It's Ferris Bueller's Homeless Day Off!
If Drillbit Taylor, a comedy about a pair of high school nerds who hire a homeless man to protect them from menacing bullies, sounds like something plucked straight from the '80s, it's because that's exactly what it is. The movie's origins can be traced back to an idea hatched decades ago by John Hughes (credited by his screenwriting pseudonym "Edmond Dantes"), the iconic director responsible for teen comedy classics Ferris Bueller's Day Off and The Breakfast Club. Years later, Paramount salvaged the long-forgotten project, dusted it off and handed it to reigning comedy master Judd Apatow, who enlisted the help of collaborators Seth Rogen and Kristofer Brown to give the story a 21st century update.
Nate Hartley and Troy Gentile star as Wade and Ryan, the quintessential movie nerd combo. Wade's tall and gangly, Ryan short and portly, and both are painfully awkward social outcasts, as they learn all too well when a pair of particularly nefarious bullies target them on their very first day of high school. And on the second day. And the third, and so on. (True to the rules of the Hughesian universe, all parents, teachers and school administrators are either clueless, indifferent or just plain malevolent.) Desperate to stem the tide of daily humiliation, they concoct a plan to hire a bodyguard to protect them from the relentless tormentors.
Lacking the funds for a premium protector, Wade and Ryan settle on the low-budget Drillbit Taylor (Owen Wilson), a homeless Army deserter masquerading as a former Black Ops specialist and bodyguard to the stars. Taylor intends to use the gig to raise enough cash to move to the more indigent-friendly confines of Canada, while his homeless pals (none of whom, oddly enough, evince any signs of crippling mental illness or drug addiction typical of most of the homeless folks I've encountered in Los Angeles) work on a plan to rob the nerdy kids' houses.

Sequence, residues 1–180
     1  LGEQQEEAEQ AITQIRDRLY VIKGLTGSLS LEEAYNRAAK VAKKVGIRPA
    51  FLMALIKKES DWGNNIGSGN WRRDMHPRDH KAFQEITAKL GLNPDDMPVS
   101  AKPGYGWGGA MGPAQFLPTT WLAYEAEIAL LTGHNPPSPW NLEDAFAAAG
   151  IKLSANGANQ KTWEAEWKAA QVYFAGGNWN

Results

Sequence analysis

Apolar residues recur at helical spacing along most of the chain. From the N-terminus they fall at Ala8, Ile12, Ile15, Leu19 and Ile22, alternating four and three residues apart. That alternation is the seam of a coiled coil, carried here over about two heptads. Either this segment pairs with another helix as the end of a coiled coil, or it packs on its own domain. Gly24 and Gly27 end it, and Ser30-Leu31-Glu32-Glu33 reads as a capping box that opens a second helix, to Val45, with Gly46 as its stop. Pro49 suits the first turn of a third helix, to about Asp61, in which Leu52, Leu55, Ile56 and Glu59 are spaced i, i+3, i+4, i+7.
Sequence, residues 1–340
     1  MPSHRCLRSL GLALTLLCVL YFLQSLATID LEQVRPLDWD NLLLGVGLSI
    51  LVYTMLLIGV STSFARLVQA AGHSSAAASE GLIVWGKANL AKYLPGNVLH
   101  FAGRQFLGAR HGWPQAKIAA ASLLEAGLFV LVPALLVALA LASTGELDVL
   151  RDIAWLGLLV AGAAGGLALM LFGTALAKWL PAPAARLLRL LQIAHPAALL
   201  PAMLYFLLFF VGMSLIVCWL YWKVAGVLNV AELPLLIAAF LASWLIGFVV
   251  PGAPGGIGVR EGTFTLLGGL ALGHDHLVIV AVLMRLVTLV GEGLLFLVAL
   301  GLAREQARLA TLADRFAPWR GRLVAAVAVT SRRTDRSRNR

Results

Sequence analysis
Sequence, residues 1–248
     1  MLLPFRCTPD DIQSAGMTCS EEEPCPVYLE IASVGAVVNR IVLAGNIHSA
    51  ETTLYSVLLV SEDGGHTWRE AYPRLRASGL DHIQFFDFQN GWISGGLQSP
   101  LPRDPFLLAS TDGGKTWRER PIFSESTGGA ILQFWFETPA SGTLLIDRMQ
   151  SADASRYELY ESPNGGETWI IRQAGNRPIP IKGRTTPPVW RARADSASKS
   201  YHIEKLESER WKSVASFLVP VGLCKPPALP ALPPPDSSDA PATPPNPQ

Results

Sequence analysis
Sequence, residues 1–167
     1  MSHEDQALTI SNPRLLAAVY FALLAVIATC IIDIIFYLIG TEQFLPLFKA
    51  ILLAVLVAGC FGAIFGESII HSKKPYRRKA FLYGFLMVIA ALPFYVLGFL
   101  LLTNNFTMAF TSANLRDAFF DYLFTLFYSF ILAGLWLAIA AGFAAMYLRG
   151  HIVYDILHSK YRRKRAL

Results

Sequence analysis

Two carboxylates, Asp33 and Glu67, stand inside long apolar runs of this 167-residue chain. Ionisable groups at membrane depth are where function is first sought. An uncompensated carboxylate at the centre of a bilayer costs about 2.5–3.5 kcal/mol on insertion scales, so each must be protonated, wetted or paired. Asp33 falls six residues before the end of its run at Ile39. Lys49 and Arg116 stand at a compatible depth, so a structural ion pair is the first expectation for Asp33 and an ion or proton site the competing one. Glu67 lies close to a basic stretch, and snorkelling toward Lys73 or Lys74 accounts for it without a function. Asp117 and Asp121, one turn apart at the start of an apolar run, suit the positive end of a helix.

Radiating the irresistible charisma of a homeless Ferris Bueller, Drillbit infiltrates the kids' high school, gains employment as a substitute teacher and commences turning the bullies into the bullied. Oh, and he also succeeds in charming the pants off (literally) a comely English teacher (Leslie Mann).
But wouldn't you know it (well, you would if you've seen just about any of John Hughes's flicks), huckster Drillbit eventually takes a liking to his plucky clients, his fetching paramour and his newfound (and entirely fraudulent) status as a respectable member of society. All of which becomes imperiled when his deceitful scheme is inadvertently exposed.
Whether you find Drillbit Taylor's "straight outta 1989" motif gleefully nostalgic or painfully anachronistic will depend largely on your affinity toward Mr. Hughes, as his distinctive imprint can be felt throughout the story. Much harder to detect is the influence of Apatow and writers Rogen and Brown, who seem too constrained by the film's PG-13 tone to make a meaningful impact. In the end, the awkward final result plays something like a Nickelodeon movie with naughty language.
Disagree? Let me know at tleupp@Reelz.com.